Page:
Vim Fuego

Patrick Stott
Forum Admin Group · Death, T/S/G, Grind, VA Teams
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912 reviews/ratings
MORBID ANGEL - Altars of Madness Death Metal | review permalink
PUNGENT STENCH - Been Caught Buttering Death Metal | review permalink
CATHEDRAL - Forest of Equilibrium Doom Metal | review permalink
BRUTAL TRUTH - Extreme Conditions Demand Extreme Responses Deathgrind | review permalink
ANNIHILATOR - Alice in Hell Thrash Metal | review permalink
DARK ANGEL - Darkness Descends Thrash Metal | review permalink
CARNIVORE - Retaliation Crossover Thrash | review permalink
EXODUS - Fabulous Disaster Thrash Metal | review permalink
HOLY TERROR - Mind Wars Thrash Metal | review permalink
CARCASS - Symphonies of Sickness Goregrind | review permalink
CARNIVORE - Carnivore Crossover Thrash | review permalink
DEICIDE - Deicide Death Metal | review permalink
DESTRUCTION - Sentence of Death Thrash Metal | review permalink
BAD NEWS - Bad News Heavy Metal | review permalink
EXHORDER - Slaughter in the Vatican Thrash Metal | review permalink
8 FOOT SATIVA - Season for Assault Thrash Metal | review permalink
TERRORIZER - World Downfall Deathgrind | review permalink
METALLICA - ...And Justice for All Thrash Metal | review permalink
METALLICA - Live Shit: Binge & Purge Thrash Metal | review permalink
BODY COUNT - Body Count Crossover Thrash | review permalink

See all reviews/ratings

Metal Genre Nb. Rated Avg. rating
1 Thrash Metal 204 4.00
2 Heavy Metal 106 3.65
3 Death Metal 96 4.02
4 Grindcore 65 3.90
5 Hard Rock 39 3.04
6 Groove Metal 34 3.41
7 Crossover Thrash 31 4.08
8 Black Metal 28 3.52
9 Alternative Metal 27 2.44
10 Hardcore Punk 23 4.52
11 Glam Metal 20 3.38
12 Non-Metal 19 2.37
13 Industrial Metal 17 3.76
14 Goregrind 14 4.18
15 Melodic Death Metal 12 3.17
16 Technical Death Metal 12 3.63
17 Power Metal 11 3.86
18 Progressive Metal 10 2.60
19 NWoBHM 9 3.44
20 Sludge Metal 9 3.44
21 Deathgrind 9 4.17
22 Folk Metal 9 4.06
23 Gothic Metal 7 3.57
24 Nu Metal 6 1.17
25 Brutal Death Metal 6 3.33
26 US Power Metal 6 3.92
27 Symphonic Metal 6 2.17
28 Speed Metal 5 3.70
29 Cybergrind 5 4.50
30 Death 'n' Roll 5 2.40
31 Funk Metal 4 2.63
32 Metal Related 4 4.63
33 Metalcore 4 3.25
34 Stoner Metal 4 2.75
35 Pornogrind 4 3.75
36 Rap Metal 4 3.00
37 Avant-garde Metal 3 4.33
38 Proto-Metal 3 4.33
39 Melodic Black Metal 3 1.50
40 Heavy Alternative Rock 3 4.67
41 Doom Metal 3 4.67
42 Death-Doom Metal 3 2.83
43 Deathcore 3 2.50
44 Crust Punk 3 4.83
45 Atmospheric Black Metal 2 2.50
46 Atmospheric Sludge Metal 2 4.75
47 Symphonic Black Metal 2 4.50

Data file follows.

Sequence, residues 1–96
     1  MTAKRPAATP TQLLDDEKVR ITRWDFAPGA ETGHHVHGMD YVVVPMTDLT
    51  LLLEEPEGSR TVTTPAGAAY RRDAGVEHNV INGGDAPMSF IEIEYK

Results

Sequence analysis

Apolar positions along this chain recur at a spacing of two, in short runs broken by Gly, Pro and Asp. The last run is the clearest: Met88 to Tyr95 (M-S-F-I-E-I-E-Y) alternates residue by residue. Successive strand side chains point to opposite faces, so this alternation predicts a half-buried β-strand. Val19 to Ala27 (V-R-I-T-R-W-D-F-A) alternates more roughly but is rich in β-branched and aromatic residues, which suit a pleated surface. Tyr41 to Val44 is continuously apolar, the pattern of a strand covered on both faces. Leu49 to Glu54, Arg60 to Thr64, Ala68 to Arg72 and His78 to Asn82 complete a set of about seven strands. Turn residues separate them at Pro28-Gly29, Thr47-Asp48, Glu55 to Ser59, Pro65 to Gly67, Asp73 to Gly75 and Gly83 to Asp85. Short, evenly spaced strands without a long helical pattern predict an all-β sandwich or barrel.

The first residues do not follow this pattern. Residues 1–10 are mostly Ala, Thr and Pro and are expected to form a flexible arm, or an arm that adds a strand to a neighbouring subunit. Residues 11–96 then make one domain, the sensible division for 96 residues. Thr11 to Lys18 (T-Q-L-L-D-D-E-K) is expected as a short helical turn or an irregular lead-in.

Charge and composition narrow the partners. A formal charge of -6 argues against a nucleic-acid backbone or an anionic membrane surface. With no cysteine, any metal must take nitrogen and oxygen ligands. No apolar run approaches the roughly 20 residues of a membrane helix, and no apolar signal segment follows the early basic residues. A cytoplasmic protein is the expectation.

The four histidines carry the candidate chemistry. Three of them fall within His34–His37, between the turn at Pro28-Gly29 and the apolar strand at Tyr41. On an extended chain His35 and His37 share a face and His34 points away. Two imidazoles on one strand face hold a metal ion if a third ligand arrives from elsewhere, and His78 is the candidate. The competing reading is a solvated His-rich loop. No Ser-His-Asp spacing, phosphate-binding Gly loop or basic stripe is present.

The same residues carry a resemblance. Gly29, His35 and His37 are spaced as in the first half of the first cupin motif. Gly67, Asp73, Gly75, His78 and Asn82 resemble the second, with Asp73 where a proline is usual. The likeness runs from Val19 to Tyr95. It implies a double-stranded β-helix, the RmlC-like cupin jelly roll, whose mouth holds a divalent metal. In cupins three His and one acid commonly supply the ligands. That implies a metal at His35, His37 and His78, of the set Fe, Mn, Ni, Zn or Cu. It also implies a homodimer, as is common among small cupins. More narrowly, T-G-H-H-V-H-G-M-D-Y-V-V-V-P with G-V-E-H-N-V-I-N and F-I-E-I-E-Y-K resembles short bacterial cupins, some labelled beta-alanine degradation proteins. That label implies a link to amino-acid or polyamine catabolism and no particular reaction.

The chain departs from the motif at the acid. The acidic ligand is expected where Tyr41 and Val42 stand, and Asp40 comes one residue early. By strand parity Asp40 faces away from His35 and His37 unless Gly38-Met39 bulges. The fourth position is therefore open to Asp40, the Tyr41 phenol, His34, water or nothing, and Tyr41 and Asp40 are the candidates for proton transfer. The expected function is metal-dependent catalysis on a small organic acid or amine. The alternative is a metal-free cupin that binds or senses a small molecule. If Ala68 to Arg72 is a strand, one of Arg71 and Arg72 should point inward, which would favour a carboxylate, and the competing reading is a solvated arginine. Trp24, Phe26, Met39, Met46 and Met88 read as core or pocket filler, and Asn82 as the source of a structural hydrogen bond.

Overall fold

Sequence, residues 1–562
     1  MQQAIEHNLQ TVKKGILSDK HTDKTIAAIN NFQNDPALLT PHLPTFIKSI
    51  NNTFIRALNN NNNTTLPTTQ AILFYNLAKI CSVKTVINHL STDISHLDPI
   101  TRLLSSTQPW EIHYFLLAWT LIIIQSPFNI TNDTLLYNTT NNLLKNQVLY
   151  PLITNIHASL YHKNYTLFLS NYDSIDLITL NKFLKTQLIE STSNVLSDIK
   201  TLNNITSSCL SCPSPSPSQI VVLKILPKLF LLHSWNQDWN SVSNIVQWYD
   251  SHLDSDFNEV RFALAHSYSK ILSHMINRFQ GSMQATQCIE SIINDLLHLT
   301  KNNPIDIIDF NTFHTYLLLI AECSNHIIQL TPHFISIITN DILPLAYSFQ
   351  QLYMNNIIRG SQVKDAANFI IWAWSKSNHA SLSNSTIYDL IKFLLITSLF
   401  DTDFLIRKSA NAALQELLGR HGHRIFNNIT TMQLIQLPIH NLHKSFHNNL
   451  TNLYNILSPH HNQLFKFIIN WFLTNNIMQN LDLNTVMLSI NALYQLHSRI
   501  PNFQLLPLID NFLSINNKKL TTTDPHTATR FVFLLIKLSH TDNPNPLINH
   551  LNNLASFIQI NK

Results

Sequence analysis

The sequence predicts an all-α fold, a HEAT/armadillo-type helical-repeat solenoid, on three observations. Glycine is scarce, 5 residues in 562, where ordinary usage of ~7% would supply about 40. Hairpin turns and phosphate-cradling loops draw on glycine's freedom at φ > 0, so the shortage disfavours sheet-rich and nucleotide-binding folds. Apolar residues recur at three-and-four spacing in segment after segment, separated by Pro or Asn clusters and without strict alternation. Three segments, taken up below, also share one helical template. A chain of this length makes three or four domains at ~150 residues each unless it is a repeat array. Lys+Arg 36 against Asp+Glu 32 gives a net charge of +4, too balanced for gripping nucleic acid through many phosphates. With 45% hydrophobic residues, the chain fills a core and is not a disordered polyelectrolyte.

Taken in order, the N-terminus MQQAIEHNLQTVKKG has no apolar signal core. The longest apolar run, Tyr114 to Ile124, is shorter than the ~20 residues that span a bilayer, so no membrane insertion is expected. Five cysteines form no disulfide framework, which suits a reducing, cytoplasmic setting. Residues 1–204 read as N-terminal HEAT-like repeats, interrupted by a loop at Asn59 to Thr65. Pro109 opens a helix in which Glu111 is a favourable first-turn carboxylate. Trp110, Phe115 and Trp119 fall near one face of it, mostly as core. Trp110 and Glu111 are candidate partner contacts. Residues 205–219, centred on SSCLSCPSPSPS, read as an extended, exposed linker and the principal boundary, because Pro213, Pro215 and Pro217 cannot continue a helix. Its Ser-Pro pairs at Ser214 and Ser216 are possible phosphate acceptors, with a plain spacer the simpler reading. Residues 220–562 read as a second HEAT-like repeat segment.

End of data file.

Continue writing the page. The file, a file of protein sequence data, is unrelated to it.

48 Traditional Doom Metal 2 4.25
49 Viking Metal 1 3.00
50 Technical Thrash Metal 1 3.50
51 Depressive Black Metal 1 4.50
52 Drone Metal 1 4.00
53 Heavy Psych 1 0.50
54 Melodic Metalcore 1 3.50

Latest Albums Reviews


Album · 1993 · Hard Rock
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Beef and Grizz were drunk again.

And when these two got drunk, everyone else knew all about it.

They weren’t nasty or violent drunks, no, quite the opposite. Grizz’s naturally friendly personality was amplified by the booze, so he became everyone’s best mate. Beef was a quiet guy, until he got a few drinks in him. Then, he was LOUD.

So, here’s the scene: we’re at a movie multiplex lining up for tickets for a late showing of the brand new Arnold Schwarzenegger movie “Last Action Hero”. We’d been out for a few drinks at a nightclub. It wasn’t a particularly classy nightclub – after all, it let us in, a bunch of bogans and farm boys – which thankfully played as much rock music as it did dance. The idea was to have a few beers, catch the movie, and then do a few laps around town, get a feed of KFC, do a few more laps, and then head for home.

Unfortunately, Beef and Grizz overdid it. They were boozed up and excited, like kids the night before Christmas. They were almost bouncing off the walls. They were shaking hands with strangers, introducing themselves, and asking if they liked AC/DC too. Y’see, Beef and Grizz couldn’t give a fuck about big Arnie’s new action-packed blockbuster. Shit, they would have been there if it was a weepy tearjerker or a documentary about echidnas.

No, it wasn’t a movie star which had brought them here, but a song. Best friends since boyhood, Beef and Grizz were AC/DC superfans, and “Last Action Hero” featured “Big Gun”, the first new AC/DC song since 1990. That’s why they were excited. We managed to corral the boisterous denim-and-leather-clad toddlers into the theatre. The pair of them chanted “AC/DC, AC/DC, AC/DC!” through the previews. All the while, the relatively more sober members of the group were trying to shush them, made apologies to the Arnie fans sitting near us, and assured the grumpy usher that our slightly intoxicated friends wouldn’t disturb other patrons.

The lights dimmed. Beef and Grizz cheered, chanted “AC/DC!” one last time, and promptly fell asleep. Yep, the darkened theatre was too much for the boozed-filled bogan boys to resist. And luckily, they didn’t snore too loudly.